Basis and Making of British Grand Strategy 1940-1943 Was There a Plan? Vol. 2

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This massive, two-volume study treats the central direction of global war as a problem in its own right, posing these questions: why did the British fight the war as they did from spring 1940? What impact did their direction have both on the war and the British global position? This study differs from the Official History series Grand Strategy by arguing that from summer 1940 British grand strategy was significantly revised, and conducted from that point along broad but distinct outlines laid down by consensus in a guiding concept. It makes new points regarding the relationship between Churchill and his Chiefs of Staff, the nature of the 'integrated' British-American war effort and economic mobilization, the role of Bomber Command in grand strategy, and British perceptions of a 'Second Front' in Europe.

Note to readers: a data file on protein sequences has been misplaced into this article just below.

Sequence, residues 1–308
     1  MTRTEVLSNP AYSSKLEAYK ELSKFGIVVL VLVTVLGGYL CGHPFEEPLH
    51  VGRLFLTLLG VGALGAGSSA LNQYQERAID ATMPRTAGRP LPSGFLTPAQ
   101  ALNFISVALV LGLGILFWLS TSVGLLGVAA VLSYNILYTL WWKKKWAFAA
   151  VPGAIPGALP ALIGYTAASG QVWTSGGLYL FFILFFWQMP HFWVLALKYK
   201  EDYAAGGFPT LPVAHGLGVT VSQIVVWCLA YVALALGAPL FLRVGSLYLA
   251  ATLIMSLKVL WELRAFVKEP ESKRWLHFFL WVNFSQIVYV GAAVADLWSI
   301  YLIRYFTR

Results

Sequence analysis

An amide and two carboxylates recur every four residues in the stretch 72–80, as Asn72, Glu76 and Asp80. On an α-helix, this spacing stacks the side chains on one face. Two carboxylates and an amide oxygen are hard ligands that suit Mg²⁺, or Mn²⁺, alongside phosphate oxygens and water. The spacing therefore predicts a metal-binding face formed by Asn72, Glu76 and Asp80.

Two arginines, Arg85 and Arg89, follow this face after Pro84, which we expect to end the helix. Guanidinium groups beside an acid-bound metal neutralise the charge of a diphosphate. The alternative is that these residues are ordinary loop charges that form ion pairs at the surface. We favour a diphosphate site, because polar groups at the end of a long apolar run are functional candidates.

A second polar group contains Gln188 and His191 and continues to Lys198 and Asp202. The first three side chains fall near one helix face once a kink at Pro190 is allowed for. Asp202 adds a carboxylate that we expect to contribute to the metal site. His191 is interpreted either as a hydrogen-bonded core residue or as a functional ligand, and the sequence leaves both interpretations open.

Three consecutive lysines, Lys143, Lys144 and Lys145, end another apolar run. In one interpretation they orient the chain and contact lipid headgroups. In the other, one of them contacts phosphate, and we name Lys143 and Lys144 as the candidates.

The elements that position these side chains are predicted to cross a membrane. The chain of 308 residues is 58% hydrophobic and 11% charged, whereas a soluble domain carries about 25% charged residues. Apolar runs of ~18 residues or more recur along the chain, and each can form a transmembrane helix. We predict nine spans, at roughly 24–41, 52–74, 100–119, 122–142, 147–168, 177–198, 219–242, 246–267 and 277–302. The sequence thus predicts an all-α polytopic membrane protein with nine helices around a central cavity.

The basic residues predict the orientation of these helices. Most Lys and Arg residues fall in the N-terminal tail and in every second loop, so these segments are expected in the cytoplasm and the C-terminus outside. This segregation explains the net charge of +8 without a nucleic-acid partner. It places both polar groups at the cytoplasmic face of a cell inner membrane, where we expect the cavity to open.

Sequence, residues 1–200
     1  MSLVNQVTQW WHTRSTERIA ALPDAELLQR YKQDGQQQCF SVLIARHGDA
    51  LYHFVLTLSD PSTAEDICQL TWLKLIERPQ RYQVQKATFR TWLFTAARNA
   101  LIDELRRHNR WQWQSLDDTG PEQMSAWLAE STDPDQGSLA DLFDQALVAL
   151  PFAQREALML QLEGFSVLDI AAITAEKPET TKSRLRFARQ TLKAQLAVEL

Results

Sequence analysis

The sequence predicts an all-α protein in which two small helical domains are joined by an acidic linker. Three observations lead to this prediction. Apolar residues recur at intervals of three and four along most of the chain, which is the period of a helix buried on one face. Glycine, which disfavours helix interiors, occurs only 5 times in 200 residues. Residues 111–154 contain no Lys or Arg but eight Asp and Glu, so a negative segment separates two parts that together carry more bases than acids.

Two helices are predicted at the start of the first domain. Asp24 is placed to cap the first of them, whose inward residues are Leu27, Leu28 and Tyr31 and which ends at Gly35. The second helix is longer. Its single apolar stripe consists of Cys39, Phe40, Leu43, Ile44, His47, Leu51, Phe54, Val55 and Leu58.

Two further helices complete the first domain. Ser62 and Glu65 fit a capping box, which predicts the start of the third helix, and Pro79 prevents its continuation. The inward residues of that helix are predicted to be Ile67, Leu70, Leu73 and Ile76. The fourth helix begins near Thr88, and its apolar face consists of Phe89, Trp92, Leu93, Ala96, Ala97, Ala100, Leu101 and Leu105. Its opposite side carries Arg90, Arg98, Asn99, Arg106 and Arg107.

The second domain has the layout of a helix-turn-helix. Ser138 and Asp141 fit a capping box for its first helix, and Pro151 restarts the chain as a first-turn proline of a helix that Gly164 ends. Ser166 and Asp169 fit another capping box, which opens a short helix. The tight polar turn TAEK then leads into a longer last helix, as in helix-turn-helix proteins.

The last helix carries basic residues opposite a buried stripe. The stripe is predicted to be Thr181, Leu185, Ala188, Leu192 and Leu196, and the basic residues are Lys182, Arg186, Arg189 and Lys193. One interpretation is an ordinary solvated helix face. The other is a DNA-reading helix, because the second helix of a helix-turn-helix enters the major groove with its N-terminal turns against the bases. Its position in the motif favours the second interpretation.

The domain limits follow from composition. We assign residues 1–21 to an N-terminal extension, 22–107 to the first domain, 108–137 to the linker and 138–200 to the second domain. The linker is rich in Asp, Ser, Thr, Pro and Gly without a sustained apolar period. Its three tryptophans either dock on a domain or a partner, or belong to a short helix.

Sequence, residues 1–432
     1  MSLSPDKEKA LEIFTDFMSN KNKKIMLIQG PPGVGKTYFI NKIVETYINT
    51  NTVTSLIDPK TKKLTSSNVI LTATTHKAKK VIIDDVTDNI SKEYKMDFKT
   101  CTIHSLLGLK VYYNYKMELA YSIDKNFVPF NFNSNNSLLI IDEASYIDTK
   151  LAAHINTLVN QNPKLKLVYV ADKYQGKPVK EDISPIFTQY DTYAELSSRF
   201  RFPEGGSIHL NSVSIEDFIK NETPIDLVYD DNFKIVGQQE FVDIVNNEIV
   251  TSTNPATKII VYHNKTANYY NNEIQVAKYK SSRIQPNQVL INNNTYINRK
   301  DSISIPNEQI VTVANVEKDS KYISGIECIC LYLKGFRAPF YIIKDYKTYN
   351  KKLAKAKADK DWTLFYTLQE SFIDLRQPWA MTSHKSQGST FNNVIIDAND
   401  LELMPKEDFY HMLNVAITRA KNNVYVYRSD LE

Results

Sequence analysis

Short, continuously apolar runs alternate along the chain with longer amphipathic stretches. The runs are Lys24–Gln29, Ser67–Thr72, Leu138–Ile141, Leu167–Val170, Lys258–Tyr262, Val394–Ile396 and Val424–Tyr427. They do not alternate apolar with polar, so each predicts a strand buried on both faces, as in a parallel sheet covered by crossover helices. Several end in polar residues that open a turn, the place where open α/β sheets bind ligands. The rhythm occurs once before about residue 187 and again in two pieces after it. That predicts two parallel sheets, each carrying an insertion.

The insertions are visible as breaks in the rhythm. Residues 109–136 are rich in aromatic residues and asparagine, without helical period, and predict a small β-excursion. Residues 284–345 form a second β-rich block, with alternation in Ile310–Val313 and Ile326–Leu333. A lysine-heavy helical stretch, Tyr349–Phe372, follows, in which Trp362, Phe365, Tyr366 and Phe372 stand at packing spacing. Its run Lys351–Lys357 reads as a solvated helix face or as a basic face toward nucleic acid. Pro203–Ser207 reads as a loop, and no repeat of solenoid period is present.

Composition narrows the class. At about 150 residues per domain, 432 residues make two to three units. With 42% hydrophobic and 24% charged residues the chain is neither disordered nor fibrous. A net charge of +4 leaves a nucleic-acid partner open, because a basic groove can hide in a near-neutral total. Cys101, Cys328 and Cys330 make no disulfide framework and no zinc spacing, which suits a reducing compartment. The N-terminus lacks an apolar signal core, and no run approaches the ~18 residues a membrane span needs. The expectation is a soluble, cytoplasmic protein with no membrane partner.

"Based on a careful, extensive and perceptive reading of the interpretative secondary literature, including diaries and memoirs, and the primary contemporary materials now open to scholarly scrutiny in Britain and the United States, Farrell argues that Churchill's wartime coalition government devised a flexible, broad consensus on grand strategy that remained its guiding principle throughout the war. . . . Farrell provides his readers with informed and shrewd analysis of the political context that shaped these decisions, and a forthright assessment of their wisdom. The result is an informed, well-written, forcefully argued book that provides new insight into the reasons Britain fought, and the consequences of their decisions." - Carman Miller

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